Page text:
Reeling back and becoming a bit more realistic, in the second week, I decided to declutter my schedule in general. In particular, with my languages, I would instead concentrate on one language a day and alternate them, do one every other day. I also realised that the second half hour pocket allocated to language in my day was rarely getting spent as intended so I got rid of that all together. It is now dedicated to reading a book.
Once the second week was done, having set slightly more realistic expectations of what to achieve in my half hour language pocket, upon evaluation, I found that I had done much better.
On week three, I decluttered yet again. Instead of trying to listen and transcribe each conversation in the series I listen to as well as take note of and conjugate new verbs and find the meanings of new words, do a page’s worth of exercises in my accompanying grammar books as well as watch a short film and listen to one hour of Spanish/French music at work, I scaled back yet again and committed to doing only the first. Sure the task itself takes less than half an hour, but with the time that remains, I go through conversations transcribed on previous days.
Upon evaluation of the progress of that week, I found that I was now, 90% of the time, getting things I set out to do done. Sure, I was setting out to do less to start with, you could argue that, but I was still getting more done than I had been in the first week of this experiment when I was running around like a headless chicken trying to take my Spanish and French language skills to expert/native level in 24 hours.
I have explained in detail my process with the language ‘pockets’ of my day, but consider this same evolution for a whole day’s worth of activities. When it comes to work tasks, I no longer wake up with an itch to revolutionize the whole industry, even solving one bug is enough. When it comes time to write, that is all I do. I do not try to create content for my personal blog as well as for my technical data blog as well as for my short stories collection all at the same time. It may sound absurd, but about a month ago, this is what my schedule looked like. Everything I ever want to achieve crammed into little pockets spread over 24 hours.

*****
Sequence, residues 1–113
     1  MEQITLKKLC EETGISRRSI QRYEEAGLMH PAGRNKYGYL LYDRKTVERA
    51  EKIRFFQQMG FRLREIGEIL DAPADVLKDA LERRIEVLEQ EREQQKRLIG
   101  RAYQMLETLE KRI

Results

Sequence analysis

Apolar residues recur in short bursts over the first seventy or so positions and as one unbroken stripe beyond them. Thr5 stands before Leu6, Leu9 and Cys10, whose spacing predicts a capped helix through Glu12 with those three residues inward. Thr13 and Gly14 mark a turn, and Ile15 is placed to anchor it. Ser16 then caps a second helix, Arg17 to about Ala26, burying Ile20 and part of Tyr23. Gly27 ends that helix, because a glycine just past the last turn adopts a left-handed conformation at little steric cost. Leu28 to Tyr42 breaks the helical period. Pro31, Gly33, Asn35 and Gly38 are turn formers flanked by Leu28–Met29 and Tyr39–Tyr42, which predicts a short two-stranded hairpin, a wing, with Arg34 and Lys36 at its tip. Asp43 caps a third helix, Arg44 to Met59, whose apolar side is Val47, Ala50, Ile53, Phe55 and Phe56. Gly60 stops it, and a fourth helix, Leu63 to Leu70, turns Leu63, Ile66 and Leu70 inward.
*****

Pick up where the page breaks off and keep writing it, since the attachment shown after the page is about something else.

“People overestimate what they can do in one year and underestimate what they can do in ten.”
I thought about this, really thought about it, and realised it is exactly what I was doing. Trying to be fluent in Spanish and French, build up to running a half marathon as well as swimming 5k, publish on both my personal and technical blogs daily as well as work on a collection of short stories.
I envisioned myself 25 and winning a Pulitzer, contributing regularly to the New Yorker, conversing with native Spanish and French speakers the world over as though we were countrymen, born and bred on the same soil, as well as building a neural network that smashes all known records when it comes to Natural Language Processing or Time Series data prediction.
In the context of a year, it is absurd to hope to achieve all this. Broken down to months and then weeks and then days, there is just too much going on, too much I am expecting myself to do in 24 hours and the net effect is getting nothing done. Sticking to such a plan is setting myself up to, in a year, seeing such meagre results, if any at all, that I quite possibly throw in the towel. That’s if I even get to a year without burning out from the million and one things I have been trying to do.
In the context of ten years though, in the context of 10 years, I stand a chance. In the context of ten years I could be all that and so much more. I would like to triathalon, to pick up the piano again, to learn to play the harmonica, to be a published fictional writer, to visit every continent of this world and then start working towards visiting every country.
The list is long.
The key is to not set out to do it all in one year.
Life is a long con, you have time darling.
Just don’t stop working at it, whatever it is.
And that is the story of how I now no longer stress myself too much. 3 of those French/Spanish conversations is enough for a day. It may seem like a slow pace but in a year I will be somewhere, even if that somewhere is simply moving my focus to grammar and exercises, because then a year from then I can be moving to Spain/France and getting more regular practice.
I’ve got time.
* Warning : Sadistic Finish *
Unless I die, in which case, I will have done what I can with the time I was given.